Analyzing The Primary Cause Of Forgetting

2264 WordsOct 3, 201610 Pages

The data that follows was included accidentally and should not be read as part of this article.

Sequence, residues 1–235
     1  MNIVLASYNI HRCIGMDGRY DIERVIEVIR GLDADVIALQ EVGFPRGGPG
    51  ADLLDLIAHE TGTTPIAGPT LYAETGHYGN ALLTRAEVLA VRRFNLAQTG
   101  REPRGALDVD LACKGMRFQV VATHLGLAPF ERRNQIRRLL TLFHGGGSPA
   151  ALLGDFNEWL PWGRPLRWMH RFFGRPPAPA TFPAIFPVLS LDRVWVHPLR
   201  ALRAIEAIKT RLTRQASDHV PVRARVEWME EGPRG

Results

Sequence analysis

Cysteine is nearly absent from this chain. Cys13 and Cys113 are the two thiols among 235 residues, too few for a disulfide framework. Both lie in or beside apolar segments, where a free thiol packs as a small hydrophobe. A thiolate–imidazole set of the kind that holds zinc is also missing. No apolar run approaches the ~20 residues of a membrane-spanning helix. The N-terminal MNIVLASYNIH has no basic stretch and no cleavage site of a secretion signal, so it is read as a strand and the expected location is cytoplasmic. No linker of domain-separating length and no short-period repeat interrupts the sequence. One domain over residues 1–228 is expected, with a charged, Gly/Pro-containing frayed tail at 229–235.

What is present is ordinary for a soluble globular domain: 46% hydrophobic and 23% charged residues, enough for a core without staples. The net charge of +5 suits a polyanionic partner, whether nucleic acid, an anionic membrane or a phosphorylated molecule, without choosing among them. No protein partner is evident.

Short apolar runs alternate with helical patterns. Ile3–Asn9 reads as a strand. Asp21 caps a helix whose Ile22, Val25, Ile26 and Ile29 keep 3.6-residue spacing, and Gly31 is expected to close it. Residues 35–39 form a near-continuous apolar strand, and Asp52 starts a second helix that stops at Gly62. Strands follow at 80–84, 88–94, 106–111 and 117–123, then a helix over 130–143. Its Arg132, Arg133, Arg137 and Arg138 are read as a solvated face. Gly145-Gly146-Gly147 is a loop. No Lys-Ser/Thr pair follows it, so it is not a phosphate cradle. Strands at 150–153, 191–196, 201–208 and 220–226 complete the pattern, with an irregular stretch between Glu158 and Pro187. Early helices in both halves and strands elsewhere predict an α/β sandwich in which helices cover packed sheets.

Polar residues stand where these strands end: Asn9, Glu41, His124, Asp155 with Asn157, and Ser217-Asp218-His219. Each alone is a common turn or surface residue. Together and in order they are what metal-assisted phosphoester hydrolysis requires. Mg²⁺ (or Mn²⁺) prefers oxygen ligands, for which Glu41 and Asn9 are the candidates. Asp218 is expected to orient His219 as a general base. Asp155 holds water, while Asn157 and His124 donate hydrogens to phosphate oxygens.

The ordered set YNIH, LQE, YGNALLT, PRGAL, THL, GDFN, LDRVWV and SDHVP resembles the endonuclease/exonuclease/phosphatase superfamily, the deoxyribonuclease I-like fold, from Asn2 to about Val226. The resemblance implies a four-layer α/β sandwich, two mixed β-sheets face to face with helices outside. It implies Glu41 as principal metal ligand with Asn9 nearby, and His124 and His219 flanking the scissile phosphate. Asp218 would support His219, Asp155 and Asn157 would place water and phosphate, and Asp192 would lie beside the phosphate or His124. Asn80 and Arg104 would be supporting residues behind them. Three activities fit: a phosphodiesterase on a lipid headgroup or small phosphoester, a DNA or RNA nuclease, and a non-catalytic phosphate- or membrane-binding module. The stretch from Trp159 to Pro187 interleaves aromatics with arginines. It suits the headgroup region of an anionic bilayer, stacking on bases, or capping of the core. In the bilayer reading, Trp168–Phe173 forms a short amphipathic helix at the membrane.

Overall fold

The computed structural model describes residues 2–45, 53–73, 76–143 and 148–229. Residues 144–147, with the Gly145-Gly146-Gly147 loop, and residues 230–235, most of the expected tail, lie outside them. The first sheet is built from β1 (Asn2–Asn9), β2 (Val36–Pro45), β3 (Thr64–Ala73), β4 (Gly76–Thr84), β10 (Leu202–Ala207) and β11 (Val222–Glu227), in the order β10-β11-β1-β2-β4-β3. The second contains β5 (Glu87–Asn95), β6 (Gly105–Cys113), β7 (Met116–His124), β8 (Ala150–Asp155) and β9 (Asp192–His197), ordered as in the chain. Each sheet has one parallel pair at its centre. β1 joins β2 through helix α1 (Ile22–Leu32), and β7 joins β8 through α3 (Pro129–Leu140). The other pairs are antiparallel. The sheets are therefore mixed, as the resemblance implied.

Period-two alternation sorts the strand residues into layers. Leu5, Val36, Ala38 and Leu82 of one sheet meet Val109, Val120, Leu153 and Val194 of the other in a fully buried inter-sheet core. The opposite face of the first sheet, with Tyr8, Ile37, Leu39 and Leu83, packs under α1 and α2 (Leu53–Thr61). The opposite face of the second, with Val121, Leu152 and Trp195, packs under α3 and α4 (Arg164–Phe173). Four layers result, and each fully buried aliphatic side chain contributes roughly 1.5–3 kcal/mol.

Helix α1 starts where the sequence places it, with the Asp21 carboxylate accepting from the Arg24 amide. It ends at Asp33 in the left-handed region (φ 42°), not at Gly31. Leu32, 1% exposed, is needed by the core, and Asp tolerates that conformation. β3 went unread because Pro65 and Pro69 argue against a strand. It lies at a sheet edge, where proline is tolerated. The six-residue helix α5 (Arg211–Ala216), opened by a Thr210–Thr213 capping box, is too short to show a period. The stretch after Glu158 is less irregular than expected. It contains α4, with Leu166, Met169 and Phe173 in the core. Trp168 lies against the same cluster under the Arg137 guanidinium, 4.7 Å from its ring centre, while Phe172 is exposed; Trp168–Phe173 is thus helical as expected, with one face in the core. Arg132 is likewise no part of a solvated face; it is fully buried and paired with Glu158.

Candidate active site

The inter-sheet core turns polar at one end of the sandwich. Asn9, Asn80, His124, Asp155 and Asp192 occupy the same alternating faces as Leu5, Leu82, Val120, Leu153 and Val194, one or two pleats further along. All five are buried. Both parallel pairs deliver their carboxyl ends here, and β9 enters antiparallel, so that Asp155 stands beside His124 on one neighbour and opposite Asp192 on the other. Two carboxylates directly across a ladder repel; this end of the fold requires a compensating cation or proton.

A variant of the classic Brown-Peterson task was used to examine the primary cause of forgetting. Thirty-four participants, in two waves of data collection, with their age ranging from 20 to 22 years, recalled words after differing inter-trial intervals and retention intervals (ITI-RIs) along with altering number of syllables. The number of syllables was changed from wave one to wave two. These ITI-RIs were manipulated to illustrate the effect of time-based decay or temporal distinctiveness on forgetting. Temporal distinctiveness did not yield significantly better recall compared to decay, which suggests that the primary cause of forgetting in the short term can be attributed to both decay and temporal distinctiveness. These results do not support earlier research using the presentation and recall method that found temporal distinctiveness was the primary cause of forgetting. Also, number of syllables did not significantly increase recall which contradicts the word length effect. Keywords: short-term memory, decay, forgetting, temporal distinctiveness, syllables Primary Cause of Forgetting Over the Short Term Forgetting in the short term, when we quickly lose information from memory, is a common circumstance for all of us. After hearing a combination for a lock for example, and asked a few moments later to open the lock, our memory of the combination may be lost because our attention was diverted for those few seconds. Why does this happen and how can we

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